Serving as executive director at UCM certainly presents formidable challenges. A big chunk of their funding provided by Freddie Mac and Fannie Mae is being eliminated. “That’s a lot of money we’re going to have to replace,” she said.

But she doesn’t consider that her biggest problem.

“The greatest challenge is getting the broader community of new people especially who’ve moved in to see the groups that are already here working and get them involved with them. And it’s not just UCM. It’s New Hope Housing, Good Shepherd Housing, Progresso. There’s a lot of great organizations here and we need to get the community more involved with them. The challenge is how do you reach them.”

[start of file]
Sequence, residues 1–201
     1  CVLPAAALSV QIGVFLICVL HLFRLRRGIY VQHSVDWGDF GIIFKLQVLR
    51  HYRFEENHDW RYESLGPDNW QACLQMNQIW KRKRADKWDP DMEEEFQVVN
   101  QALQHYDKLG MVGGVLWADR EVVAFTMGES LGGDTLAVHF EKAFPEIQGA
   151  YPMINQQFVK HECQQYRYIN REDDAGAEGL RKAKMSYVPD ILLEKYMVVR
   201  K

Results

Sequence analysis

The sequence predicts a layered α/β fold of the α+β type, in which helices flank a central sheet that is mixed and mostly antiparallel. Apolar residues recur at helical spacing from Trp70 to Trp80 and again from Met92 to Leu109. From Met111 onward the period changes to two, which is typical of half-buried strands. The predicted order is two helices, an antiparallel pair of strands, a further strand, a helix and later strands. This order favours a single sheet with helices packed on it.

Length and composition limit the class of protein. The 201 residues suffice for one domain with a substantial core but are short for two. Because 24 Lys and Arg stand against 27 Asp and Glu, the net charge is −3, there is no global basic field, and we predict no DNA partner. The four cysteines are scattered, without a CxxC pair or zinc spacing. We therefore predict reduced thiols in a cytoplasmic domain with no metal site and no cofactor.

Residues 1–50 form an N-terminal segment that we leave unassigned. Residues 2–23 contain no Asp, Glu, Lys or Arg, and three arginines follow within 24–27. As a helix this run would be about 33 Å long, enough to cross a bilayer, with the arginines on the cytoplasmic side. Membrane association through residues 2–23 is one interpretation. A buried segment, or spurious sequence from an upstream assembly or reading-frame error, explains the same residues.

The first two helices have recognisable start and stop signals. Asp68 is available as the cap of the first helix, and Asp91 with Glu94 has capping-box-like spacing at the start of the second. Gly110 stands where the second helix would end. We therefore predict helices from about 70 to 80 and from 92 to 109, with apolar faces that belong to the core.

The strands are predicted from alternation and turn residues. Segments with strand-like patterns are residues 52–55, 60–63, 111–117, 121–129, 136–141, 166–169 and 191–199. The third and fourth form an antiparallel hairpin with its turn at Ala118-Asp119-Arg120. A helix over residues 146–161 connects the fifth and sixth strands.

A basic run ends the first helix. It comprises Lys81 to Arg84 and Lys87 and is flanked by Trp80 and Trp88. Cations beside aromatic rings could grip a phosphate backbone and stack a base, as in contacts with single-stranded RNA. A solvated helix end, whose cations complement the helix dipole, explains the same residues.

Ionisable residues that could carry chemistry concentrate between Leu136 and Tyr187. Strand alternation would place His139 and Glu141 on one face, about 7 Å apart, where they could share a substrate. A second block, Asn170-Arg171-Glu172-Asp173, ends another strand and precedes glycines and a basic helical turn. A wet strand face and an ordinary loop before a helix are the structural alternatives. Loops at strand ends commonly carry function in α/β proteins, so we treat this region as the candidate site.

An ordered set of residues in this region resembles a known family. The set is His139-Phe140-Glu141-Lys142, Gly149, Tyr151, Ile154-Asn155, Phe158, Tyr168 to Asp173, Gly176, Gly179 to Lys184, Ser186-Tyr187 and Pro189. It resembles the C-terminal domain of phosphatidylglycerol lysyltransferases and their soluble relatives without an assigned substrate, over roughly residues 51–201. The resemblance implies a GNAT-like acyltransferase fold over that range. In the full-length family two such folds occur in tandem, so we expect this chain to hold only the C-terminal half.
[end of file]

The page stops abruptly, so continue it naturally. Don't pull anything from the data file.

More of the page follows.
Among other sources of volunteers she intends to tap Fort Belvoir. “Military people are fascinating to me. When I was at Good Shepherd Housing, a lot of the volunteers were military people.”

Patriotism, she recognizes, includes aiding the needy.

“They’re part of the fabric of our community, and when you have holes in fabric, they don’t just limit themselves to that first little area. You start to get bigger holes, more and more instability and pretty soon you don’t have fabric to use. So you have to care, you need to care about your neighbors.”